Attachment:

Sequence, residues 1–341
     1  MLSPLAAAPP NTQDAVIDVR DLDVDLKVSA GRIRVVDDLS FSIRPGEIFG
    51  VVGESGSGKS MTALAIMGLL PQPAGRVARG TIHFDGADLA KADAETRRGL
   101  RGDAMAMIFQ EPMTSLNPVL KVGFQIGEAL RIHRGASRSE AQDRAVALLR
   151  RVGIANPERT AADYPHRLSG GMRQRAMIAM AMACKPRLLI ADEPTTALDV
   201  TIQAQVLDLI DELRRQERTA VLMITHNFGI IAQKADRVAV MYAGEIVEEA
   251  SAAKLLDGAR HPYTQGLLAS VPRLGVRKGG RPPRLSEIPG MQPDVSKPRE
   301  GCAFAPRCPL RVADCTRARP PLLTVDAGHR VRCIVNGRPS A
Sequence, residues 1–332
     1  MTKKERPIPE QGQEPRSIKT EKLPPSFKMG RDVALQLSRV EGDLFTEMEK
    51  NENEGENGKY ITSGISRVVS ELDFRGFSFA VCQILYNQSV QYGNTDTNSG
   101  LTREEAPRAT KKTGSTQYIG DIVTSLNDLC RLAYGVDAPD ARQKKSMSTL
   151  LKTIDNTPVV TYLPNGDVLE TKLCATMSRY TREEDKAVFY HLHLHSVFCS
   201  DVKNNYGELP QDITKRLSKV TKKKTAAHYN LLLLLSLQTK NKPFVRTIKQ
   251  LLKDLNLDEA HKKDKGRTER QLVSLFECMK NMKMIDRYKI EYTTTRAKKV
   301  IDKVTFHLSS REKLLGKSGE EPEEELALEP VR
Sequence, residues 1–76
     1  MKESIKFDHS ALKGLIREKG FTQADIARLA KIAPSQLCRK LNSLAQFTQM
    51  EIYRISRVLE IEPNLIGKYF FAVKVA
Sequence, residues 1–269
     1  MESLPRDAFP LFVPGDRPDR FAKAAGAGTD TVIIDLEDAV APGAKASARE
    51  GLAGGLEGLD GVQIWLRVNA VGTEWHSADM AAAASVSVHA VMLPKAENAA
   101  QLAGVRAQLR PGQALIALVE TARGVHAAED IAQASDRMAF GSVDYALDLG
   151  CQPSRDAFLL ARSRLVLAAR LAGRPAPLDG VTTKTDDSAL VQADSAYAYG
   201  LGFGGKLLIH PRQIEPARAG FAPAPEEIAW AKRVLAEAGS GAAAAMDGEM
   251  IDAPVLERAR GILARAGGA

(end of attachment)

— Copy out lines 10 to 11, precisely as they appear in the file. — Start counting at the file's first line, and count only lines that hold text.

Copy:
     1  MTKKERPIPE QGQEPRSIKT EKLPPSFKMG RDVALQLSRV EGDLFTEMEK
    51  NENEGENGKY ITSGISRVVS ELDFRGFSFA VCQILYNQSV QYGNTDTNSG